When was the last time you watered a plant or planted a sapling, or put that plastic bottle lying on the road into the dustbin? Are we doing enough for our planet? Do you remember the phrase ‘Think globally, act locally’? We read the headlines about the effects of climate change and the global efforts to mitigate climate change. But locally, we are not aware of any initiatives taking place to mitigate emissions, and we seldom contribute towards such initiatives.
Conservation of the ecosystem: An initiative by the Godrej Group
To enlighten ourselves with such an initiative, recently, we visited one such project undertaken by the Godrej Group since the 1940s. They are protecting and conserving the world’s largest privately-owned ISO-certified forest spread across 2000 acres of land on the western bank of Thane creek in Vikhroli, a suburb of Mumbai.
The Godrej Group stands tall if one were to focus upon the ‘planet’ of the triple bottom line construct, made popular by John Elkington. They are conserving the most productive and sustainable ecosystem present in nature at a time when some parts of the world have recorded 50% losses in the mangrove habitat attributable to human activities. Within this forest, they have achieved a 95% reduction in the mortality of the seeds through various initiatives.
Understanding the importance of the mangrove ecosystem
As my friends and I walked down the lanes adjoining the mangrove forest, many questions bubbled up inside us. What are mangroves? What is the importance of the Mangrove ecosystem? An expert in the mangrove ecosystem walking along with us came to our rescue to clarify our queries and to explain the importance of the ecosystem.
Mangroves are plants found within the tropical region of the planet, between the Tropics of Cancer and Capricorn. They are well adapted to loose and wet soils, salt water, and being periodically submerged by tides. The type of soil, salt, climate, and tidal fluctuations, are four major factors which limit the distribution of mangroves across the region.
Mangroves have a complex ecosystem with many intricate features, which have been developed over time for the survival of plants. An interesting fact about these plants is that mangroves do not require pollination for reproduction, as they are viviparous. These plants grow slowly, with an average lifespan of around 500 years. Leaves of mangroves have salt glands which help them tackle the salinity in the water. Wax coating is present on the leaves of mangroves for survival, as they are submerged under water for 4-5 hours during each tidal cycle. Mangroves have anchoring roots, which help them breathe oxygen during the low tides. The centre of gravity of the saplings is towards the roots, which help them grow and nurture, irrespective of the tidal fluctuations.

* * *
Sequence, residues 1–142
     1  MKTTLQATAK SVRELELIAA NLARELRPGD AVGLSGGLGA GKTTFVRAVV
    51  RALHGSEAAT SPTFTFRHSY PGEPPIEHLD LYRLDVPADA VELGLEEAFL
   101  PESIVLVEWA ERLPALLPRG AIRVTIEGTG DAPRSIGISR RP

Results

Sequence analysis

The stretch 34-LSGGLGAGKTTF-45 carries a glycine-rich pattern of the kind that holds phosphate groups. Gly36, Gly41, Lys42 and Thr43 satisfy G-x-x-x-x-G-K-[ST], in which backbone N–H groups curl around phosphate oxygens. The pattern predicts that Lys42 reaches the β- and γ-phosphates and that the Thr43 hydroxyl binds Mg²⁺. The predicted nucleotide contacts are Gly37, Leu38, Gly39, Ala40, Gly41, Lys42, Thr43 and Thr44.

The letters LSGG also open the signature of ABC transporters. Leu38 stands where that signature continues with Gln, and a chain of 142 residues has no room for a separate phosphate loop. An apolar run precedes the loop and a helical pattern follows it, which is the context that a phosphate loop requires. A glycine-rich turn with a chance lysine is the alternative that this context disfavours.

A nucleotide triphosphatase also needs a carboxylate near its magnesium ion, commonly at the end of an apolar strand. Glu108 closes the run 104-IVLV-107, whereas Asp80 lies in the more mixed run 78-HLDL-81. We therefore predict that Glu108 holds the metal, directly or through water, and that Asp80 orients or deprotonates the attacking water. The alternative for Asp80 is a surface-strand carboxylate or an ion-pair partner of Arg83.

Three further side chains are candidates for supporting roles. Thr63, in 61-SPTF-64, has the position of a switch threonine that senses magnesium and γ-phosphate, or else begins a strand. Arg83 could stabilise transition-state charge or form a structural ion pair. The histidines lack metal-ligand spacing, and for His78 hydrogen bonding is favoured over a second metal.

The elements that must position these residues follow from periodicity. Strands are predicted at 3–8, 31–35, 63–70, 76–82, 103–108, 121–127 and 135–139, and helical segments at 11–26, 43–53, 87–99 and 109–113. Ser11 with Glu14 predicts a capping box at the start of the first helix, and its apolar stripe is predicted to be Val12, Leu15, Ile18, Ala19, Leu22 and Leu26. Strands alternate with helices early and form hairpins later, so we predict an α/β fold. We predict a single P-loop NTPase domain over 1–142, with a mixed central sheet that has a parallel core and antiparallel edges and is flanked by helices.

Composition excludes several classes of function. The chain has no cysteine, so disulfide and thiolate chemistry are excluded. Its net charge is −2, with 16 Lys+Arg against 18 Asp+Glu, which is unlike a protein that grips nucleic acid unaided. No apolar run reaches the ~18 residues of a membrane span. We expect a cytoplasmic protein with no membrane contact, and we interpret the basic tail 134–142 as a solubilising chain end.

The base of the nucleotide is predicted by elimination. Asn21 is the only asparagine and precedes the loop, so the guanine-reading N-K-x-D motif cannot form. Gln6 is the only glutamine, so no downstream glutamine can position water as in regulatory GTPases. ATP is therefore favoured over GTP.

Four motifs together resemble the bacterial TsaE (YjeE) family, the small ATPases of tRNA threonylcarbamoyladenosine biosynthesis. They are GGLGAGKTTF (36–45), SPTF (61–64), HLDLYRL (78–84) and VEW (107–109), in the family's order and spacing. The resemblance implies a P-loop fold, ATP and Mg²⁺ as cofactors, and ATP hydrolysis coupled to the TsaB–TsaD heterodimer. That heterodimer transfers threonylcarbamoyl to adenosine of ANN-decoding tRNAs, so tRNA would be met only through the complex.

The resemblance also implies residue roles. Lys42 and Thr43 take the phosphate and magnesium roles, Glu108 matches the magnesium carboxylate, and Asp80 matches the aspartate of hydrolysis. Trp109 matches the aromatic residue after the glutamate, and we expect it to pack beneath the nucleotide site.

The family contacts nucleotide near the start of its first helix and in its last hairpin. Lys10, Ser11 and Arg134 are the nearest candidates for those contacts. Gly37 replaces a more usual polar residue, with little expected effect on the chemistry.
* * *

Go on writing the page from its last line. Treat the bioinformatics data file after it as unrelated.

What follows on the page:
Mangroves have double the biomass compared to tropical forests. Conserving mangrove land is a much more efficient way to slow down carbon emissions. Mangroves are the best-known carbon scrubbers on the planet. They inhale toxic carbon and exhale 4 times more oxygen than any other tropical forest. Mangroves are one of the most productive plants on earth. The 10% of carbon which they produce also gets sequestered away in the soil. Coastal wetlands are minuscule but mighty, as although they cover less than 1% of the ocean, they store over 50% of the seabed’s rich carbon reserve.
A wake-up call
As I reflect upon the visit, it is evident to me that the survival of a plant in a mangrove forest is itself a story of struggle. Even after all these complexities of survival in saline water and fluctuating waves, they make it to the list of best carbon scrubbers. But what are we doing individually to save this precious ecosystem?
Internationally, governments and organisations are adopting various strategies to reduce the risks and effects of climate change. In 2021, more than 100 countries pledged to net zero emissions, including India targeting it by 2070. Various private organisations are taking measures to curb the carbon footprints emanating from the manufacture of their products. Organisations like the Godrej Group are ahead in this league with the conservation of the complete ecosystem of mangroves, thus contributing towards Sustainable Development Goal 14. This goal requires global action towards restoration, protection and sustainable management of the mangrove ecosystem. To create awareness in the local communities and the citizens, the government of Maharashtra in India announced Sonneratia alba (known as mangrove apple), as the state mangrove tree in September 2020.
In the past, history has proved the strength of international cooperation. The Montreal Protocol for the protection of the ozone layer was one of the most successful global cooperation efforts, which was enforced in 1989. Today, humanity is reaping the positive impacts of this initiative. A dire need for all of us is to conserve the existing ecosystem and to be carbon-conscious citizens to provide a better way of living for future generations.
What if we put that plastic bottle into the dustbin? What if we don’t buy plastic bags at the supermarket? What if we raise concerns against deforestation? It could be our baby step towards the collective good of society and the planet. I exhort you to join in this effort…